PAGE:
[I wrote this article for my weekly “Down on the Farm” column, but it’s much too fun not to share here as well!]
Beaming students and teacher after a weekend of weaving.
“What do you see yourself doing 10 years from now?”
It was my interview for Vermont College’s progressive, low-residency undergraduate program. I thought for a moment, then answered, “I want to have my own weaving school.”
Now I was sharing that story in Farmstead Creamery’s Fiber Loft to my three students, eager to being weaving. “That was 15 years ago, but here you are, my first class!”
How often are we urged to multi-task or cram just one more activity or obligation into the already overflowing schedule. What about spending a whole day—or, as in this case, the entire weekend—focused just on one thing? And what if that one thing was something you always loved and wanted to try?
That was the vision behind the learning intensive “Floor Loom Essentials” that kicked off my Erindale Tapestry Studio courses. Each student was going to learn how to calculate and measure her warp (vertical threads), load shuttles with her weft (horizontal threads), warp up her own loom with a simple twill, and weave a beautiful shawl to take home.
The process involved many intricate steps, calculations, accuracy, and a good dose of fun. “If nothing else,” I offered as we labored over leashes and reeds, “You’ll never wonder why handwovens cost what they do!” And yet, not that long ago, all cloth was made this way—the clink of the heddles, the whoosh of the shuttle, the tap of the reed, feet working the treadles below. Re-learning the old ways of making things by hand reconnects us with our ancestors and offers a rewarding, Zen-like experience as well.
Each loom in the farmhouse porch studio had its own character, quirks, and backstory. There was a small Harrisville Designs workshop loom acquired from my middle school Montessori art teacher, a sturdy Macomber that used to belong to the mother of a fellow musician friend, and what I called “the grumpy old man” loom that had been brought over with an immigrant from the Netherlands soon after WWII.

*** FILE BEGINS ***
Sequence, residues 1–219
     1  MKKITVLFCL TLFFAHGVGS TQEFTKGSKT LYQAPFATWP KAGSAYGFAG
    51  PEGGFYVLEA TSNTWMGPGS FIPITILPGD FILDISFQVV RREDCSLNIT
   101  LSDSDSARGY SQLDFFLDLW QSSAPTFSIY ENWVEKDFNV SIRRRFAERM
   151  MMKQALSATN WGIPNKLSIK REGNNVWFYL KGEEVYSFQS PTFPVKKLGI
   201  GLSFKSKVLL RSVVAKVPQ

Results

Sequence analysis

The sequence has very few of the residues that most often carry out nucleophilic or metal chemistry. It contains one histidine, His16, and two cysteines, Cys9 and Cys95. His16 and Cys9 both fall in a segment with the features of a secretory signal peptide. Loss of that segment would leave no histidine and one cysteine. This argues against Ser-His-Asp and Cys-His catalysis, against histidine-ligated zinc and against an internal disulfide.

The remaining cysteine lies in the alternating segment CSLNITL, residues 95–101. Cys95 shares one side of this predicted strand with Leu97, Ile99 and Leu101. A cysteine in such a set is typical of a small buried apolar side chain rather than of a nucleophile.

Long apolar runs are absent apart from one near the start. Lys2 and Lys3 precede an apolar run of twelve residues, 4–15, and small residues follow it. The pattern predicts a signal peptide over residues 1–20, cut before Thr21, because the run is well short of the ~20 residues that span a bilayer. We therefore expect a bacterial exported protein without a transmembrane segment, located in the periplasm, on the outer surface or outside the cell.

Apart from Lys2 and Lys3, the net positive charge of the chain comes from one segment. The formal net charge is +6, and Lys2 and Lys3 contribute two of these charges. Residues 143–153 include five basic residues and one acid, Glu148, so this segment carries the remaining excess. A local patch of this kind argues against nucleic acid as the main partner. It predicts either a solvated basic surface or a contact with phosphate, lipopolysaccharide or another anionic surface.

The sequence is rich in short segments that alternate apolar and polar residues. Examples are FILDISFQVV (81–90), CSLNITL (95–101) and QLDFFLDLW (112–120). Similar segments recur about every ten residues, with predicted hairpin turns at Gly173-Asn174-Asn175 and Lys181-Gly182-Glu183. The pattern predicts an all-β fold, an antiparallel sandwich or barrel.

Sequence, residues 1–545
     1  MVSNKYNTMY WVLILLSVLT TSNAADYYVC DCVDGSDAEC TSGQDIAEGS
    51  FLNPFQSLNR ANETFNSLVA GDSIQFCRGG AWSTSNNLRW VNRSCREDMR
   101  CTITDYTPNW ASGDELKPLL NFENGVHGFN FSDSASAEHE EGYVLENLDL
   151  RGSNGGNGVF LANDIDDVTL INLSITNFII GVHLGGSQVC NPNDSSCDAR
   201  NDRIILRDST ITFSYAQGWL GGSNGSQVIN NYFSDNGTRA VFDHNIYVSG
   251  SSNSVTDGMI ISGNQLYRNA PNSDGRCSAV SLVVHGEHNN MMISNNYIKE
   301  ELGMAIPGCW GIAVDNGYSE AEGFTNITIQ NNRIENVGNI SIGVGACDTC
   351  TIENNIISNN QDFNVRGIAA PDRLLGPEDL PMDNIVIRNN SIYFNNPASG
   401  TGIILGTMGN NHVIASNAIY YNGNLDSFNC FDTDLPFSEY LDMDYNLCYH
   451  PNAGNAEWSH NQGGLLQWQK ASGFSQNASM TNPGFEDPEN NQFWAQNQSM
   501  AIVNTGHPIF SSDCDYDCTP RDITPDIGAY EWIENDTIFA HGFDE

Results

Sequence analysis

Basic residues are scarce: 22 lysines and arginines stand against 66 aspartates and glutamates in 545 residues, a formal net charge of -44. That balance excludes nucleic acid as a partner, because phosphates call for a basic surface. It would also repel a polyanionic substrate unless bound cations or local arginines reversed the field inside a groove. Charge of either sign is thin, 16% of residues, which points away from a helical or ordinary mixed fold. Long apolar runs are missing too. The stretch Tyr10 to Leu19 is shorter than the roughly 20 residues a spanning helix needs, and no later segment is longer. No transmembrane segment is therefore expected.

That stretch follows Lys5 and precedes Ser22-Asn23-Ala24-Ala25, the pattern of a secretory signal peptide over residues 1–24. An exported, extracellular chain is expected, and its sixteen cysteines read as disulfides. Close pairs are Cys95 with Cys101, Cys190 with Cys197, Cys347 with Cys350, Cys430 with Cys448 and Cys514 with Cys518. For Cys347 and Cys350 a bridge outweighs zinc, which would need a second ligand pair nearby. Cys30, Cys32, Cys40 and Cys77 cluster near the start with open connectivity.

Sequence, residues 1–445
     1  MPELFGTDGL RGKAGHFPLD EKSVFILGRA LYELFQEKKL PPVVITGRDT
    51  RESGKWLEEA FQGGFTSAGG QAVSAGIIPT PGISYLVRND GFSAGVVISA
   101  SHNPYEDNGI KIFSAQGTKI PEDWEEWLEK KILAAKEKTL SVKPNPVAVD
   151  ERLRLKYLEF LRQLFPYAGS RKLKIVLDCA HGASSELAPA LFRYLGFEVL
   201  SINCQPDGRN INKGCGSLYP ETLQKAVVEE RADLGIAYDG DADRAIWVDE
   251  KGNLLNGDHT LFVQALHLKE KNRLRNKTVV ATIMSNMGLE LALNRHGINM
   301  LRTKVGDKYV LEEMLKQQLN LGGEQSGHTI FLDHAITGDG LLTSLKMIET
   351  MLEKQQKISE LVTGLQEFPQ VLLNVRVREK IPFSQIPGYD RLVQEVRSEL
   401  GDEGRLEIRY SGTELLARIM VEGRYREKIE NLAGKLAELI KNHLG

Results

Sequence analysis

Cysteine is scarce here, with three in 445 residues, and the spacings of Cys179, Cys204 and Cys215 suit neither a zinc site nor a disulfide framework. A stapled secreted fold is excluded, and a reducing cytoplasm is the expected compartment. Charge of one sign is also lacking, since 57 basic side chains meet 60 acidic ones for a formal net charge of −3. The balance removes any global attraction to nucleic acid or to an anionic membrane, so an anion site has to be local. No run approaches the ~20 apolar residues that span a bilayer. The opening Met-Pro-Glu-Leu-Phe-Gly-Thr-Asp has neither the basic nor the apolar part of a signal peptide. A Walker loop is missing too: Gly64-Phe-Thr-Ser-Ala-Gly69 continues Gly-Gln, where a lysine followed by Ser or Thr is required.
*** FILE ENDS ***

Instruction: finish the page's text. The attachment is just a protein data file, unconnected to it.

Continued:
Working the delicate warping process.
Christine (the widow of its previous owner and an accomplished fiber artist) was visiting two summers ago with some lady friends, when she learned that I had this dream of starting my own weaving school. Immediately, she perked up, saying, “I have some looms I’ve been trying to sell. But since you want to teach, I will just give them to you.”
She arrived at Fiber Fest later that same summer with a truckload of loom parts, all in much need of a good cleaning and a lot of restorative love. Part of what took 15 years to launch the school was not only going all the way through graduate school myself but also collecting and creating the infrastructure necessary to support having multiple students!
Nancy, who lives in the Washburn area, was acquiring the loom that had belonged to her aunt, a fashion designer. We met at our twice-monthly farmer market at NorthLakes Clinic, where somehow it came up that she was interested in learning to weave. I decided to take the leap and announce that I was preparing to teach weaving. A spark began. Needle felting groupies Sue and Barb soon joined the roster, and I officially had my first class of students. I thought I was walking 10 feet off the ground!
Sue with the Harrisville Designs loom.
My own weaving adventures had started at age 13, when as a homeschooler my mother noticed an art class being offered by the Madison Area Technical College’s enrichment program in Navajo tapestry weaving. The only youngster amidst a host of grandmas, my enrollment launched a 5 ½ year mentorship with Fran Potter, a master weaver who had studied directly with Navajo women. Her belief was that if people could experience what went into this type of handweaving, it would garner greater respect for its tradition and artists.
This would springboard my additional weaving pursuits, including Flemish style tapestry, floor loom weaving, and even triangular shawl loom weaving. After years of exploring and perfect technique and my own style, it was time to give that experience back to the fiber arts community—imbued with the lessons I’d learned from working with Fran for patience, encouragement, and showing a technique only long enough to hand it off to the student and ask her to demonstrate it for me.
“This is going to be an heirloom!” Nancy exclaimed, as she advanced her warp another round on the loom, ready to weave a new stretch of the cloth with her beautifully chosen yarns. Each student had her own unique and delicious color palate—tones of the sea and sand, berry patch wine colors, and hues of a springtime flower garden. It was surprising to them to see how much the fibers changed in appearance from the skein on the shelf to the wound shuttle and then to the woven textile. A fabric was becoming beneath their hands that had never been before—and that holds a magic that is hard to describe unless you’ve felt it with your own creative endeavors.
Hygge (hoo-ga) was happening in the studio. The hours both stood still and whipped by. In the end, we all crawled on the carpeted floor, tying on fringe and trimming edges. When at last we could all wear our finished pieces, smiles beamed bigger than I could have imagined.
“We did it, we really did it!” Barb exclaimed as we hugged. Sue shook her head, “Wow, this was amazing, thank you!”
Can you say happy teacher? Nothing replaces the experience of making something by hand yourself, especially when it sparks such joy. See you down on the farm sometime.
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Weaving in process in the studio.